International music superstar Yo-Yo Ma and Jeremy Dutcher came together to help the Toronto Symphony Orchestra celebrate a new partnership with CAMH. The TSO and Centre for Addition and Mental Health have inaugurated a multi-year partnership that includes a program called Art of Healing which will support First Nations, Inuit, and Métis patients at CAMH through arts and culture.
“CAMH is honoured to partner with the TSO to enrich the experience of First Nations, Inuit and Métis patients at CAMH,” said Sarah Downey, President and Chief Executive Officer, CAMH in a media release. “Through music we can create meaningful connections between people and their stories, to help pave the path to recovery. This partnership advances CAMH’s commitment to providing culturally appropriate programs to Indigenous patients, and we are thrilled to be sharing this journey with the TSO.”
For the TSO, it’s an initiative that extends the organization’s reach into community engagement. It comes as the orchestra is celebrating its 100th birthday.
“For 100 years, the Toronto Symphony Orchestra has sought opportunities to join forces with other organizations in the city to support the health and well-being of our diverse communities through music,” said Mark Williams, Chief Executive Officer, TSO.
“This exciting new collaboration with Canada’s largest mental-health teaching hospital reaffirms that commitment, and we are thankful to CAMH for uniting with us. It is our privilege to be able to serve First Nations, Inuit, and Métis patients by going beyond the concert hall to bring the healing power of music to them. This is the kind of thoughtful engagement that sustains us as we continue to find new ways to share music with the city we are proud to call home.”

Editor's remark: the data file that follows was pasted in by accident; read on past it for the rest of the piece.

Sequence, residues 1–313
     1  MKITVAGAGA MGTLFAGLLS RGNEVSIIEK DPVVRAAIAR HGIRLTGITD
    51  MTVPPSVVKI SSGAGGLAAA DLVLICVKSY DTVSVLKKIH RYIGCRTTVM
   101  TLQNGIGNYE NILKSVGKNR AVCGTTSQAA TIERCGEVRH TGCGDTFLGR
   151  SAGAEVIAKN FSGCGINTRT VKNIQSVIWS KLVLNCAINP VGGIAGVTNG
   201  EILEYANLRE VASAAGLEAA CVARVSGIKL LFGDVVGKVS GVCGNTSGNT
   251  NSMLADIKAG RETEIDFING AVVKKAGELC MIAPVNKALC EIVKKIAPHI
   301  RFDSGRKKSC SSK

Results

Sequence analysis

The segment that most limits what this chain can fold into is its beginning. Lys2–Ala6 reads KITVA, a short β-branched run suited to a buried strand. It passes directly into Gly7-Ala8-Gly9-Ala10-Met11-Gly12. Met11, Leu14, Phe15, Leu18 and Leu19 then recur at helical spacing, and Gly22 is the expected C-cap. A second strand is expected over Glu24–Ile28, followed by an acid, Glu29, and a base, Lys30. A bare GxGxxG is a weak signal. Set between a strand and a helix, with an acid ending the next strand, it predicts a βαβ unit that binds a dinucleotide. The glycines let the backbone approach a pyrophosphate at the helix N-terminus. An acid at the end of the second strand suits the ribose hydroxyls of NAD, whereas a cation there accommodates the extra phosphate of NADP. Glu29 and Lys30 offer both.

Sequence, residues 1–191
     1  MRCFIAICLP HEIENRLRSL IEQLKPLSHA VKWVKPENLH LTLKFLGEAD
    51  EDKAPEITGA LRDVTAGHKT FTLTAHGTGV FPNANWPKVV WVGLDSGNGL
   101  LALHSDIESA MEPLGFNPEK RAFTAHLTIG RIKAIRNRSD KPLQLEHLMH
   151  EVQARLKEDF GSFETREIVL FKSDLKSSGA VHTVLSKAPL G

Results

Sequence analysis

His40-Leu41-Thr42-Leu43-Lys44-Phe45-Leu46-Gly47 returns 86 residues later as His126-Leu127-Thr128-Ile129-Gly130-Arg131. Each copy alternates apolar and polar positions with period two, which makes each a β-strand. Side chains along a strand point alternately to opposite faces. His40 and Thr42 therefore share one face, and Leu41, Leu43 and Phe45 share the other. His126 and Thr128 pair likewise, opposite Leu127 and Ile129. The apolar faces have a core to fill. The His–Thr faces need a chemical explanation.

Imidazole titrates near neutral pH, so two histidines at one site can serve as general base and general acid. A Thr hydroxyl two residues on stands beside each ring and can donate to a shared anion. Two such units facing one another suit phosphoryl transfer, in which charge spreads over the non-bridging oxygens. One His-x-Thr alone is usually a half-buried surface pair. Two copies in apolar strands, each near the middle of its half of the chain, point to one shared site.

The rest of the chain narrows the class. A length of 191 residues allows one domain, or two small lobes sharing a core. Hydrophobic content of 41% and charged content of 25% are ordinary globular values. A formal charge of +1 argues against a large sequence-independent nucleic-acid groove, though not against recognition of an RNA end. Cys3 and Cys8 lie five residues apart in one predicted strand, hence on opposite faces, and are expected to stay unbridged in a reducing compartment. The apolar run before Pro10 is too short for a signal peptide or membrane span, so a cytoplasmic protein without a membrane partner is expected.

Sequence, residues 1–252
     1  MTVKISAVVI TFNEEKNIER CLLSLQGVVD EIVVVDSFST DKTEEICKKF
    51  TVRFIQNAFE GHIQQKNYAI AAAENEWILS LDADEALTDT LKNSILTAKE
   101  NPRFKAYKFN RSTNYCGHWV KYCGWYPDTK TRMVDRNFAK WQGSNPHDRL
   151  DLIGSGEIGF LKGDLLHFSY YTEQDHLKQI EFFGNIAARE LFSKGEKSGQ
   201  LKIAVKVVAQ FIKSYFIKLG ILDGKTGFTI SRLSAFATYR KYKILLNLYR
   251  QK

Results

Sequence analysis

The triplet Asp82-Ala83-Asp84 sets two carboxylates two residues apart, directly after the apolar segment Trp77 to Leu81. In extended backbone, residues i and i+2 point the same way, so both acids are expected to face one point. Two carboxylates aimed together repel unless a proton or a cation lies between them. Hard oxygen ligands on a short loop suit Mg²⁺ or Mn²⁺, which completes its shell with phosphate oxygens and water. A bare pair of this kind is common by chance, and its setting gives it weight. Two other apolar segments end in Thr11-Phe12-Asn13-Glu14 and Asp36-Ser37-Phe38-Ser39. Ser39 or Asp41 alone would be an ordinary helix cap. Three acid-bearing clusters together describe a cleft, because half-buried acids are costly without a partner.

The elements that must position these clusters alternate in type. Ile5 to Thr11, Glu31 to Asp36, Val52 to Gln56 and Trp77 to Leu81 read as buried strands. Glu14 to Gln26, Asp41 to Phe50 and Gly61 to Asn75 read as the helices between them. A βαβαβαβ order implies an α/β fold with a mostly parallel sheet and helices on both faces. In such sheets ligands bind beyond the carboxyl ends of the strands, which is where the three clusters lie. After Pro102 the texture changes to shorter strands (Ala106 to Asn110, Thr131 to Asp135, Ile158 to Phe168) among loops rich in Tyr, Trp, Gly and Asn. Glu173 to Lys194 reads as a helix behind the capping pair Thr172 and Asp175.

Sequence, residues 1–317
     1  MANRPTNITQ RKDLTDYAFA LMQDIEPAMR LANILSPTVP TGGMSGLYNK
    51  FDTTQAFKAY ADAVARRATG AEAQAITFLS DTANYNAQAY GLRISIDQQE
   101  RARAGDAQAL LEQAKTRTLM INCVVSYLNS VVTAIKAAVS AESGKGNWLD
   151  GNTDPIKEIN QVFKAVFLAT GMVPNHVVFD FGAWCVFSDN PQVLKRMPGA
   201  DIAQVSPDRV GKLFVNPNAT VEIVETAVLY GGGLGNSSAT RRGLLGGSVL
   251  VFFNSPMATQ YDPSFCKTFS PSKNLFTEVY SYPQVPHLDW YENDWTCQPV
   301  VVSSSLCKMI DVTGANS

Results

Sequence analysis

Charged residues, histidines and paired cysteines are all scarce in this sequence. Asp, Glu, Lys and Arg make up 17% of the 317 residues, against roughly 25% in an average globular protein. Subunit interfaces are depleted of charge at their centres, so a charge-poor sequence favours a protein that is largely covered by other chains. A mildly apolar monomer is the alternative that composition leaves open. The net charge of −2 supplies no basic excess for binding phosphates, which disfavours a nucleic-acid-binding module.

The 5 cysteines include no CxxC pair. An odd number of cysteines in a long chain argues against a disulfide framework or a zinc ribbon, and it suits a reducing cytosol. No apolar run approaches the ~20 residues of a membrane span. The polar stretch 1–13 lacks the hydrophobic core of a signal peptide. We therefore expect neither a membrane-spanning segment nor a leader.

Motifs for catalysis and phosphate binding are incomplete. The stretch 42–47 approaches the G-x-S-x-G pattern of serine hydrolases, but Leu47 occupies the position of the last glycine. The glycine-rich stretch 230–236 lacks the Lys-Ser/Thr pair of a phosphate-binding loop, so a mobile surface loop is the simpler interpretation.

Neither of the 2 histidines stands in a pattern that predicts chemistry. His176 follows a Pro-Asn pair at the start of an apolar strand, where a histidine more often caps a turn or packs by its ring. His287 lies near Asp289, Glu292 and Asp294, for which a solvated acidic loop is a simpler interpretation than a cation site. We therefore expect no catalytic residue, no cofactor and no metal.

Shkaaba Makwa at CAMH is a groundbreaking hospital-based centre in Canada, the first to aim for treatments and wellness initiatives that are culturally based. Shkaabe Makwa and Gifts of Light, a 100% donation-funded program, will oversee the creation of a healing space that is culturally rooted, and committed to bringing traditional knowledge and modern medicine together.
“I’m so pleased that First Nations, Inuit, and Métis patients will have access to such a special and unique program that is also culturally relevant and celebrates Indigenous-specific world views,” said Renee Linklater, Senior Director, Shkaabe Makwa, CAMH. “We’re looking forward to welcoming the expert music and storytelling experience to our patients at CAMH through this partnership with the TSO.”
Storytelling and musical composition will be among the program’s offerings. Métis composer Ian Cusson, along with members of the TSO, will work with First Nations, Inuit, and Métis CAMH patients. An original piece of music will be co-created, and premiered by the TSO and Gustavo Gimeno in the 2023/24 season.
Yo-Yo Ma, who was in Toronto for the TSO’s gala event, and Polaris Music Prize winner from Tobique First Nation Jeremy Dutcher, got together for a series of events in Toronto. They were joined by performers Rebecca Cuddy and Sarah Prosper.
“I’ve remarked before that Toronto is almost like a second home,” said Yo-Yo Ma. “It is a city of memories and connections around every corner, from Roy Thomson Hall to Massey Hall to the wonderful Music Garden. What a joy to be back here and to celebrate this partnership. And it is an honour — and fitting — to be with my friend Jeremy Dutcher. His ability to sing songs of nature and human nature, to share meaning and understanding that stretches far across the generations, is a model for us all.”
The Art of Healing pilot program will be launched in the winter of 2023.
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